Farming Nemo

We here in the United States sure enjoy our all-you-can-eat shrimp! Whether it’s popcorn, cocktailed, or coconut, we love us some shrimpy goodness. And now the Bush administration wants to issue 20-year permits that would allow seafood companies to farm fish and shellfish in federal waters, according to an AP article in The Seattle Times. The administration posits that this would decrease the trade deficit (about 70 percent of our seafood is imported). And needless to say, make sure there’s enough shrimp so that we can continue to eat all we can.

‘This ties in very well with reducing overfishing,’ [Commerce Secretary Carlos] Gutierrez said. ‘This is very much the future, and we need to get to work to be able to have an adequate supply of fish.’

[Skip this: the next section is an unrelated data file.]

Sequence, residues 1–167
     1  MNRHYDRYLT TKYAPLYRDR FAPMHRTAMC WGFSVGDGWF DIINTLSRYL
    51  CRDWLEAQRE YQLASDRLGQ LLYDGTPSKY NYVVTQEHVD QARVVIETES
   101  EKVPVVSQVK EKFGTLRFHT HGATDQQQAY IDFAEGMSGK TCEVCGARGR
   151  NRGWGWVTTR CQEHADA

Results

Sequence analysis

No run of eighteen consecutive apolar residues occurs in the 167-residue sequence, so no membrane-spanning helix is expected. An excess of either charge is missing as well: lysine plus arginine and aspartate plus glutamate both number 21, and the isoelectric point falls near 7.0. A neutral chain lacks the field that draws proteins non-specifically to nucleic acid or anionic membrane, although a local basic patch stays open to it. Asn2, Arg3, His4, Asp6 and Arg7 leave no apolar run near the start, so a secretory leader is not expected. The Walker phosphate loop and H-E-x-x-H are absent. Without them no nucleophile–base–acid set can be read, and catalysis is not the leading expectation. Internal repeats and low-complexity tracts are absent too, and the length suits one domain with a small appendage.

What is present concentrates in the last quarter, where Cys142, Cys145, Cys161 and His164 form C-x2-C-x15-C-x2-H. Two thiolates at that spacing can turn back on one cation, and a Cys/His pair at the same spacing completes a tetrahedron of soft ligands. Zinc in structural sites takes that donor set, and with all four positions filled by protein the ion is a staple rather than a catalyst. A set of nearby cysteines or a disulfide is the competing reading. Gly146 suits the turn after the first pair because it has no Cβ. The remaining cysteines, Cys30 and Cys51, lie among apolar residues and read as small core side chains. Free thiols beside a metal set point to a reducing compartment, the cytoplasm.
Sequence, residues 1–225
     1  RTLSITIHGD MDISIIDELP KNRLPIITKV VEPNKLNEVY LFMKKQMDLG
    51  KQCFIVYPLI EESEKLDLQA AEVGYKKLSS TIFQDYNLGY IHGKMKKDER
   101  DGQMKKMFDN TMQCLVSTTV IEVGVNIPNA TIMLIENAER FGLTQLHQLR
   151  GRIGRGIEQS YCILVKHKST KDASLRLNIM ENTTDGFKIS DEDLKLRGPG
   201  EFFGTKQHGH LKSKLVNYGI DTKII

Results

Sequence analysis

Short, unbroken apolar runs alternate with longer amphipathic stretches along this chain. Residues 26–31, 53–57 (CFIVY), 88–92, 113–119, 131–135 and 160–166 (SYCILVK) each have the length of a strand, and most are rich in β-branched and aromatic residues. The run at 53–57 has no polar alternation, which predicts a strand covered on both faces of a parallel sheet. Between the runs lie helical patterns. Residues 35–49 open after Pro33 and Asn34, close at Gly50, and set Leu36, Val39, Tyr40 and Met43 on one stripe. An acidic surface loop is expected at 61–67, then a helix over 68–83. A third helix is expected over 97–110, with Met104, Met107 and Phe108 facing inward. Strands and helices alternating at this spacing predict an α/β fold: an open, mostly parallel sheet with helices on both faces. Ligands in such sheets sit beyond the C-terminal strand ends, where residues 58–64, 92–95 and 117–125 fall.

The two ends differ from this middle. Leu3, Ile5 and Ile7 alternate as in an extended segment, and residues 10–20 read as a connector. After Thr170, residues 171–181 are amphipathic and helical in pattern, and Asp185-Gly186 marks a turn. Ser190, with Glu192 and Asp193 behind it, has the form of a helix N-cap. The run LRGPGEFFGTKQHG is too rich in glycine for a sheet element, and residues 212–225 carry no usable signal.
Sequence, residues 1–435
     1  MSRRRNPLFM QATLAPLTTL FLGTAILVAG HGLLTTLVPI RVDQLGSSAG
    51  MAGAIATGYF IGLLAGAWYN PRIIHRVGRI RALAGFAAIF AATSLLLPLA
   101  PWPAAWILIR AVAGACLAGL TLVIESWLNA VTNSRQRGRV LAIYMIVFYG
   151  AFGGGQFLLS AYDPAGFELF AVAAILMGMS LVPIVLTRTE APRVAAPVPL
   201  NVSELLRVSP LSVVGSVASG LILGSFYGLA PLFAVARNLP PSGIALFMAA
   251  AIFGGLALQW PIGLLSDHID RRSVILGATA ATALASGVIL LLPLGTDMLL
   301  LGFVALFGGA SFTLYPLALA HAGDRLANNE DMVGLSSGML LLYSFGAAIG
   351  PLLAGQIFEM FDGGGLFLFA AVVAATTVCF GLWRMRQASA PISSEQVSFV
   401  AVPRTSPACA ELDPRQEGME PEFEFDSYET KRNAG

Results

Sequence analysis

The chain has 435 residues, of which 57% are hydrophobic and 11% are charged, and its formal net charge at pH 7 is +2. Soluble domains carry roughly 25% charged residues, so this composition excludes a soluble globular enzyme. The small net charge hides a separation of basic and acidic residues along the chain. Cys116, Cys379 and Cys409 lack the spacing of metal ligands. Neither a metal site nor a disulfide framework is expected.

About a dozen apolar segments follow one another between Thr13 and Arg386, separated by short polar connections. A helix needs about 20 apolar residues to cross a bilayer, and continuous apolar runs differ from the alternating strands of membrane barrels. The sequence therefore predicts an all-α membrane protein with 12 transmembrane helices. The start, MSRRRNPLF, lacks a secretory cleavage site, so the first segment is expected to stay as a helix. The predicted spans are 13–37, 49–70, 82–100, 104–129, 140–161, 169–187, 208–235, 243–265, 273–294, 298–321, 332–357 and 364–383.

But wait a minute. Although aquaculture already occurs here in the United States, it is under the jurisdiction of the EPA and other environmental organizations that keep an eye on the considerable amount of wastewater generated by fish farms in inland and coastal waterways. In federal waterways, the farms would be beyond the reach of the regulators. Even more distressing, fish farms generally feed their fish other fish, fish that are caught in the ocean, thus making a lie of the claim that aquaculture is a good cure for overfishing.

The Monterey Bay Aquarium’s excellent Seafood Watch site describes the environmental toll taken on the coastal forests of tropical nations like Thailand that have intensive shrimp farming.

Many mangrove forests have been cut down and replaced with shrimp farms that supply shrimp to Europe, Japan and America. After a few years, waste products build up in the farm ponds and the farmers have to move on. The local people are left with no shrimp farms—and no mangrove forest.

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